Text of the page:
Earlier in this lesson, it was stated that the acceleration of a free-falling object (on earth) is 9.8 m/s/s. This value (known as the acceleration of gravity) is the same for all free-falling objects regardless of how long they have been falling, or whether they were initially dropped from rest or thrown up into the air. Yet the questions are often asked "doesn't a more massive object accelerate at a greater rate than a less massive object?" "Wouldn't an elephant free-fall faster than a mouse?" This question is a reasonable inquiry that is probably based in part upon personal observations made of falling objects in the physical world. After all, nearly everyone has observed the difference in the rate of fall of a single piece of paper (or similar object) and a textbook. The two objects clearly travel to the ground at different rates - with the more massive book falling faster.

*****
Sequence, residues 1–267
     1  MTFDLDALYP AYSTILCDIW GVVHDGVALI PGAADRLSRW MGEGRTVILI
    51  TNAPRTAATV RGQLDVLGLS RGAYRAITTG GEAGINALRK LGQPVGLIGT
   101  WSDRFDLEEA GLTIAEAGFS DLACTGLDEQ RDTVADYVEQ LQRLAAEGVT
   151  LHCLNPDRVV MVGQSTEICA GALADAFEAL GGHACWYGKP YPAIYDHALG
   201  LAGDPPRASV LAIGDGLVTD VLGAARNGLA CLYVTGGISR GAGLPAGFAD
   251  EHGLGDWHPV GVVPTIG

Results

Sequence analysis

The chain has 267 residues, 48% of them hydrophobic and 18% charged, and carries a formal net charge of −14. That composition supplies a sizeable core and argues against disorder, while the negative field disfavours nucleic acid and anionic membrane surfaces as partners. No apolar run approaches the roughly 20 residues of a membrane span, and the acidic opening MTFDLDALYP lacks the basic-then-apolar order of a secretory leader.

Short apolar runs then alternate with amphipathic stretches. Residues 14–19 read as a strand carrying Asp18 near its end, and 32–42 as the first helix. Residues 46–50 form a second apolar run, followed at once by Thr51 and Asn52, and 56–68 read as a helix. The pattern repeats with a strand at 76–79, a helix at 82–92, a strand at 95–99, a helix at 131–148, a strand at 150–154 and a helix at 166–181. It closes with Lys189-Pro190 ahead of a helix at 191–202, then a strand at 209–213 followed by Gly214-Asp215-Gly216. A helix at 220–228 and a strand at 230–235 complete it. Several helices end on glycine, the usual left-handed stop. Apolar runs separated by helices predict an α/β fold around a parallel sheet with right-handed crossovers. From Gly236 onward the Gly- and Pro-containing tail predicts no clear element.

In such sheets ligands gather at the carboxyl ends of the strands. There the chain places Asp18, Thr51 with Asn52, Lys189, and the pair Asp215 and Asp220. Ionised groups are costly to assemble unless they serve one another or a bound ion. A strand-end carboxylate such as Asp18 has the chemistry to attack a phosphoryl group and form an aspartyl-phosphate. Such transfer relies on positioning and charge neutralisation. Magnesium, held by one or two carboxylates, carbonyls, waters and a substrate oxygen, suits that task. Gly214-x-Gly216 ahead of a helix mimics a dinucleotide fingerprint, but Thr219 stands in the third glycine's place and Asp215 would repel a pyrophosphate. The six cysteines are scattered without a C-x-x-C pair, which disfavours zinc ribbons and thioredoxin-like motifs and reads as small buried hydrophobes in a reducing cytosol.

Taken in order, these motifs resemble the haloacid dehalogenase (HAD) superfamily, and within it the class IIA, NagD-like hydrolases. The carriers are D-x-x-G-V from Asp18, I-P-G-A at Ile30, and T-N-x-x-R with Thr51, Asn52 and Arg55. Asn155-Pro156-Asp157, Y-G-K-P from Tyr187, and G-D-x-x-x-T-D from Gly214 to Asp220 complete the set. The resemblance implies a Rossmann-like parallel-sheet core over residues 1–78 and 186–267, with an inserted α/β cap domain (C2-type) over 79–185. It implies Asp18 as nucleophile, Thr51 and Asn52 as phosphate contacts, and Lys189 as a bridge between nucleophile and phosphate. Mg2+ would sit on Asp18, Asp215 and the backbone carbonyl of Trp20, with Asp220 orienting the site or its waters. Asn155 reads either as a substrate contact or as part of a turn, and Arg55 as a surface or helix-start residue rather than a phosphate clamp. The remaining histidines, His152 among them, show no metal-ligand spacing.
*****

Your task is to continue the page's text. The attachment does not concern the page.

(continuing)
The answer to the question (doesn't a more massive object accelerate at a greater rate than a less massive object?) is absolutely not! That is, absolutely not if we are considering the specific type of falling motion known as free-fall. Free-fall is the motion of objects that move under the sole influence of gravity; free-falling objects do not encounter air resistance. More massive objects will only fall faster if there is an appreciable amount of air resistance present.
The actual explanation of why all objects accelerate at the same rate involves the concepts of force and mass. The details will be discussed in Unit 2 of The Physics Classroom. At that time, you will learn that the acceleration of an object is directly proportional to force and inversely proportional to mass. Increasing force tends to increase acceleration while increasing mass tends to decrease acceleration. Thus, the greater force on more massive objects is offset by the inverse influence of greater mass. Subsequently, all objects free fall at the same rate of acceleration, regardless of their mass.